My first outing of the year should really have been my third outing, I’d planned to start with a 10 mile race, then a 16 and then the third, a 25. I would ease myself back into the swing of things with the shorter one, building into the hilly 25. So much for that.

The S5/25s, a hilly straight out and back course held at Tavistock is now my first, needless to say I’m pretty nervous about it already and at the time of writing It’s over a week away! As I have never raced there before I’d planned a course recce at the weekend, one to decide whether a full TT bike setup would work or- being a hilly “s” course- my road bike with deep sections on would be a better choice however, gale-force winds put pay to that little trip. Google maps will have to do for now.

This week, with the exception of a direct commute I’ve planned a full turbo week: I’ll start my mornings with 30 minute efforts, then spin my legs out riding to work the easy  way- no detours!- then I’ll have some longer intervals in the evening, all centred around holding my FTP (Functional Threshold Power) for different periods of time. As the week goes on i’ll ramp it up before tapering back down with shorter and slightly easier workouts as the “big day” gets closer. It feels very much like cramming before an exam which, in a sense I guess it is.

I’m quite particular about my pre race routines, trying to get my kit all ready and packed well in advance, through experience I’ve found that come race day eve there’s so much going through my head that it’s easy to forget things. Last season I typed out a checklist precisely for this reason. I’m a creature of habit with the hydration powders, gels and bars I use, if only because I like the taste of them.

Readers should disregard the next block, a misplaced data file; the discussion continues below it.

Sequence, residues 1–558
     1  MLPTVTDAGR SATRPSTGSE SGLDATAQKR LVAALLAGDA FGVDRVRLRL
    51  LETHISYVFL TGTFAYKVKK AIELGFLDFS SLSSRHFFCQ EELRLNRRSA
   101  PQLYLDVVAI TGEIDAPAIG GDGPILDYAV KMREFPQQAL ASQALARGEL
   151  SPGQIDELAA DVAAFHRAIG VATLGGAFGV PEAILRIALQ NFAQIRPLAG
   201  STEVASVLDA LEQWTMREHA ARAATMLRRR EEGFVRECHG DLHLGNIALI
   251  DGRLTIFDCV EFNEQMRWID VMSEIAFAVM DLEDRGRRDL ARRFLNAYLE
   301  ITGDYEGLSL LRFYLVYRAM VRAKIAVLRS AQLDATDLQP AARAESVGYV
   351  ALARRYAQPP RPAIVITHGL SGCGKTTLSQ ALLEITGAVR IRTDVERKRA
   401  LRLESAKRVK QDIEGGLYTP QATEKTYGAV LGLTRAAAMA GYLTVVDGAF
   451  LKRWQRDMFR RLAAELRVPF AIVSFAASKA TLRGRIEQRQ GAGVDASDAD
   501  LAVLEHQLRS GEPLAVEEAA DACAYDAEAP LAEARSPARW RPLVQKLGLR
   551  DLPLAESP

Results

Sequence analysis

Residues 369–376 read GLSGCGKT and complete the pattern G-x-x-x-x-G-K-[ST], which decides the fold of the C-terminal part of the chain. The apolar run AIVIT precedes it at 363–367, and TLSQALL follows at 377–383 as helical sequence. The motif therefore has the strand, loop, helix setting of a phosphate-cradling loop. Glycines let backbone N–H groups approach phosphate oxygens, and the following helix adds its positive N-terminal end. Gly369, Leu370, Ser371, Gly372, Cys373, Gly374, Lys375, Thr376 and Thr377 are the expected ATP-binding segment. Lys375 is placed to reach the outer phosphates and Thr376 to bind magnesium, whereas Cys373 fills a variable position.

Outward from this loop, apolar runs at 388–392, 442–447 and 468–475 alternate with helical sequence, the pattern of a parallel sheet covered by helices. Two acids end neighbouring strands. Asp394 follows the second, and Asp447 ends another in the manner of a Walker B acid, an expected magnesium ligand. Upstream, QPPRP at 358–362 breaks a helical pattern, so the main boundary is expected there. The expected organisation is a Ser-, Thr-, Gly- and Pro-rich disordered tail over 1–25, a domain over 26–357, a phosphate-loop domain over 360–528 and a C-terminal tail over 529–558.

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I usually take four bottles with me; one 500ml with a single Isotonic tab to sip on for the drive up to the race- early morning means I struggle to stomach overly sugary drinks-  one 500ml with two isotonic tabs in for my Warm up, the third bottle is just water, before rolling to the start a good swish out keeps me from getting cotton mouth! My fourth bottle is a whey rego rapid recovery shake for afterwards. I’ll always have a handful of the SIS gels in my race box, usually using two: one at the start of a warm up and one 10-15 minutes before I start the race. For actual food, I’m really in to the Veloforte bars lately but before that it was just an Eat Natural bar, I’ll get through one whilst warming up along with a banana and I find that’s usually sufficient enough for a 10 Mile. Fuelling strategy for 25’s and 50’s are a little different, I’ll take some of the Clif Bar Shot Blox with me, I put a few of the cubes underneath the leg seam of my skinsuit and eat them every 20 minutes.

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There’s some discussion about whether having the aero water bottle on will give you a slight advantage, I tend to keep it on regardless and usually only fill it up for a 25 or a 50.

Once the race is over I’ll drop to the little ring, get that zipper undone and open up my skinsuit, my helmet strap is undone and visor is flicked out the way too, with the oxygen debt well in effect I want to feel a bit of air flow. I smash Bottle #4 straight away and sometimes one of those mini coca-cola mixers just to get the sugars going again.  After all the sugar and isotonic fuel I’m usually desperate for plain water and something savoury. I’ll take a sandwich or some leftover pasta, typically the hosting Club will lay on a spread of cake and biscuits- the Gluten Free nightmare!

So its a few days before the race and the weather has been less than favourable, seriously high winds and some pretty torrential rain showers have thrashed the south west, I’ve locked myself away in the garage, sitting on the turbo trainer most evenings and even done a few double days with the early morning sessions too. I’m hoping the weather will change for the weekend but the long range forecast says otherwise.